In its historical and religious context, it is clear that the 2nd Commandment language concerning the “heaven above . . . earth beneath . . . water under the earth” had specific reference to the Egyptian gods of those domains that the Israelites had long worshiped, and were still worshiping (Ezekiel 20:8-10). Thus the 2nd Commandment was never intended as a general decree forbidding the creation of every sort of image, but a two-imperative law that forbade 1) making images of beings that are worshiped; and 2) the worship of those images.
I am asked about images of Christ and the 2nd Commandment quite often these days, especially since my last article. The below question is typical. My ten-point response follows:
“I know that Reformed churches are not against ALL images. My question is, why are you NOT against all images, given the exhaustive list of Exodus 20:4, “Any likeness of anything that is in heaven above, or that is in the earth beneath, or that is in the water under the earth”?”
1. Egypt worshiped a pantheon of gods that were associated with the physical universe; for example, Ra (sun god), Horus (falcon-headed god of the sky), Hathor (cow goddess), Menhit (lioness goddess of war), Apis (bull god of fertility), Hapi (fertility god of the Nile), Sobek (crocodile god of the Nile), Apep (serpent god of the underworld), etc.
2. These Egyptian gods corresponded to “heaven above (sky gods) . . . the earth beneath (animal gods) . . . and the water under the earth (river and underworld gods).”
3. Israel made a habit of worshiping these gods of Egypt during their captivity. They resisted the Lord even while in Egypt when He commanded them to get rid of these idols. Ezekiel 20:6-8: “On that day I raised My hand in an oath to them, to bring them out of the land of Egypt . . . Then I said to them, ‘Each of you, throw away the abominations which are before his eyes, and do not defile yourselves with the idols of Egypt. I am the Lord your God.’ But they rebelled against Me and would not obey Me. They did not all cast away the abominations which were before their eyes, nor did they forsake the idols of Egypt.”
4. When the Lord brought idol-worshiping Israel out of Egypt and constituted them a nation at Mount Sinai (Exodus 19:6), He commanded them to no longer make “any likeness of anything that is in heaven above, or that is in the earth beneath, or that is in the water under the earth; you shall not bow down to them nor serve them” (Exodus 20:4-5).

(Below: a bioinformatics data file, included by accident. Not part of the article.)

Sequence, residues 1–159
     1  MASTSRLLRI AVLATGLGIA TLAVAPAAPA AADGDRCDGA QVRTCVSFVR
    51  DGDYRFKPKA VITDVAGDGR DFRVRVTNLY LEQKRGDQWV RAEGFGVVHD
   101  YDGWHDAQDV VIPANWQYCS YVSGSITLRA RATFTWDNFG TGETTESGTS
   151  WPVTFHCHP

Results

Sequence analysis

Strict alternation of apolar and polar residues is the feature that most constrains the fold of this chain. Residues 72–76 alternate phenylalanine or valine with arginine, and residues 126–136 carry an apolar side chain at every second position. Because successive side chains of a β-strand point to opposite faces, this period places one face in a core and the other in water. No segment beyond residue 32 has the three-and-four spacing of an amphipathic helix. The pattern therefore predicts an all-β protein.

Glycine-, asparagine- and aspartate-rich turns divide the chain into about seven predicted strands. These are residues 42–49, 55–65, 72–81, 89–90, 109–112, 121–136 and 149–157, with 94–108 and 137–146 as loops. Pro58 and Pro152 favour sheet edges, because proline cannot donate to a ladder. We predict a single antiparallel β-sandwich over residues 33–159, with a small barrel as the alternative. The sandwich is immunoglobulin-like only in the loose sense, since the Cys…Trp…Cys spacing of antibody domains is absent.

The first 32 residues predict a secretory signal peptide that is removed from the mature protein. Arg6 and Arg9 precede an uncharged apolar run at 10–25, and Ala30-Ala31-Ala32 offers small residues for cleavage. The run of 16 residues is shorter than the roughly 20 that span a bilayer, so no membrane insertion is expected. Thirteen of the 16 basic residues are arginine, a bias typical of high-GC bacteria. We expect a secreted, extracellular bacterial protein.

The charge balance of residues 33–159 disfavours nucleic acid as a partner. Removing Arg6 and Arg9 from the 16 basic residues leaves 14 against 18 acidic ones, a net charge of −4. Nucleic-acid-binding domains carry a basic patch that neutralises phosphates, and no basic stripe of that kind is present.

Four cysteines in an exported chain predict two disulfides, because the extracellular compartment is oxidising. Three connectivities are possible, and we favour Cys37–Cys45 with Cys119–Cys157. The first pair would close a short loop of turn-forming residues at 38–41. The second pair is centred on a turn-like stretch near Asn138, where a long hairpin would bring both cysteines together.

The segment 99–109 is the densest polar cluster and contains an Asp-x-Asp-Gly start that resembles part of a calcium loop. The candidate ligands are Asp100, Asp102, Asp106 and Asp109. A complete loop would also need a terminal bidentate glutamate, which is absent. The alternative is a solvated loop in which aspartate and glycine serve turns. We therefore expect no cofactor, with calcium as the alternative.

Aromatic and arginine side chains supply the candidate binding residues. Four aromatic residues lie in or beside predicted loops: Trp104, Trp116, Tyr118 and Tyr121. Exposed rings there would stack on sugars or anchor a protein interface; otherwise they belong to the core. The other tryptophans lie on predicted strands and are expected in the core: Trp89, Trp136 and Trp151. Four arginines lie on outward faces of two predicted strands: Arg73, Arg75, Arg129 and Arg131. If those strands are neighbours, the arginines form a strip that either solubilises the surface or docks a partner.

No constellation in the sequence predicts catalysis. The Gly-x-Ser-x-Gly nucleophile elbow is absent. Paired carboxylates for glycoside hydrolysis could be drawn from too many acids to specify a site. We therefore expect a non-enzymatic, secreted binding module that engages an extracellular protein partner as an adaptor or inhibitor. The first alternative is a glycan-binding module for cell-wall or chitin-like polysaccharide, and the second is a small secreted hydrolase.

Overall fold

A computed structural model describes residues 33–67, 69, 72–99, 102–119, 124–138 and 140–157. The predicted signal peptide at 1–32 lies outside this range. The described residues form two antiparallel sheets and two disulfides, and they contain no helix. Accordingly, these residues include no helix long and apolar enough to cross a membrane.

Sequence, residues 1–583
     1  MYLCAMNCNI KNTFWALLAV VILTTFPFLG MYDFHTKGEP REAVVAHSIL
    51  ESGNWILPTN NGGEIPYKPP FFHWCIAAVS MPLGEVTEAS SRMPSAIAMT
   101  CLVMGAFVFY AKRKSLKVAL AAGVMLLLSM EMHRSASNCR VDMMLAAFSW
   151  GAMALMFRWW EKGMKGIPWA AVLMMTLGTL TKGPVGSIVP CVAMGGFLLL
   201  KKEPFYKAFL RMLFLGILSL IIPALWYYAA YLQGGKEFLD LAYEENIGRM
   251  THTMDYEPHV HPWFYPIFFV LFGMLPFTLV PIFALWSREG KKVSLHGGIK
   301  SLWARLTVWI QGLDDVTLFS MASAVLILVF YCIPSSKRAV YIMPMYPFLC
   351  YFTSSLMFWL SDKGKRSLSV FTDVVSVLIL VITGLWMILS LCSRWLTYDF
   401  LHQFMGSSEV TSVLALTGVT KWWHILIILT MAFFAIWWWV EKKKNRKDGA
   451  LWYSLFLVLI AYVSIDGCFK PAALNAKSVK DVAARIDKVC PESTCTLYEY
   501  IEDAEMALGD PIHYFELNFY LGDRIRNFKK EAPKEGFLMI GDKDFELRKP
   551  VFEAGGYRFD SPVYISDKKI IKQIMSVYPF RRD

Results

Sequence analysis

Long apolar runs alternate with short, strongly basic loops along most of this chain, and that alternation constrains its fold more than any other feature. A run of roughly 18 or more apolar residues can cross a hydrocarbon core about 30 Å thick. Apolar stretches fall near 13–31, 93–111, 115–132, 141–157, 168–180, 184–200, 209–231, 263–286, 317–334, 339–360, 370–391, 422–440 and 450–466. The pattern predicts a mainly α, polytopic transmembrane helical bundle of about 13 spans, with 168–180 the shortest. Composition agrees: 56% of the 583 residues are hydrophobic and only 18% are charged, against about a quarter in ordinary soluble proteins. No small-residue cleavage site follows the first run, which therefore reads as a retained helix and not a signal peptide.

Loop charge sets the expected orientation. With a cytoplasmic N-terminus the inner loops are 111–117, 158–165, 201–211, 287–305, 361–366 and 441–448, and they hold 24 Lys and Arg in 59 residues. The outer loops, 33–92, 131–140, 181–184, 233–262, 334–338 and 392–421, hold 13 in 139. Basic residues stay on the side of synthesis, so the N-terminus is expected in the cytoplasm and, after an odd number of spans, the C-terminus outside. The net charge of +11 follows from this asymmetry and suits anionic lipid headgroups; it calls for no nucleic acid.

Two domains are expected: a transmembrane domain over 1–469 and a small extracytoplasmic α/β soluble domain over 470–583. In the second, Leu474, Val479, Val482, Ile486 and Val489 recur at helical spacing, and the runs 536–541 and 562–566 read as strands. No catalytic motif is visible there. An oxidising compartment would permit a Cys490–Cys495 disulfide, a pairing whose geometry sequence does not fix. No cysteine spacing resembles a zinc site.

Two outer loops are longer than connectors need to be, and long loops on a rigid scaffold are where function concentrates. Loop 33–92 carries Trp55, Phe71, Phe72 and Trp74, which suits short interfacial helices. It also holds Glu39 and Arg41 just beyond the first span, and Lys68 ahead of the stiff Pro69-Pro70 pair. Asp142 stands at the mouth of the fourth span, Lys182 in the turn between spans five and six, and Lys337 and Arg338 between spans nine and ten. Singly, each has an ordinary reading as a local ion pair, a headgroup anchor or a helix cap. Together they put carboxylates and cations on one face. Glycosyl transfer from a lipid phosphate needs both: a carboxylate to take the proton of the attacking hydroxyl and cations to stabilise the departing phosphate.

5. In its historical and religious context, it is clear that the 2nd Commandment language concerning the “heaven above . . . earth beneath . . . water under the earth” had specific reference to the Egyptian gods of those domains that the Israelites had long worshiped, and were still worshiping (Ezekiel 20:8-10).
6. Thus the 2nd Commandment was never intended as a general decree forbidding the creation of every sort of image, but a two-imperative law that forbade 1) making images of beings that are worshiped; and 2) the worship of those images.
7. That the 2nd Commandment forbade the creation of any and all images of the God of Israel is obvious, as was demonstrated in the Golden Calf incident, where the Israelites exhorted Aaron to “make us Elohim that shall go before us,” and then referred to the image as “Yahweh” and “your Elohim that brought you out of the land of Egypt” (“the Lord…your God,” Exodus 32:4-5), for which they were severely judged (Exodus 32:27-28).
8. Thus God’s people are forbidden to create images of the God that they worship. This is why Reformed Christians are not against the creation of all images in general, but are especially against the creation of images of the three persons of the Trinity.
9. Thus John Calvin: “God is opposed to idols, that all may know He is the only fit witness to Himself. He expressly forbids any attempt to represent Him by a bodily shape . . . We must hold it as a first principle, that as often as any form is assigned to God, his glory is corrupted by an impious lie” (Institutes of the Christian Religion, 1:11).
10. This is why the Heidelberg Catechism does not forbid the creation of all images without exception. “Q97: May we not make any image at all? A: God may not and cannot be imaged in any way; as for creatures, though they may indeed be imaged, yet God forbids the making or keeping of any likeness of them, either to worship them or to serve God by them.”
Joe Vusich is a minister in the Reformed Church in the United States (RCUS) and is the pastor of Emmanuel Reformed Church in Sutton, Neb. This article appeared on his blog and is used with permission.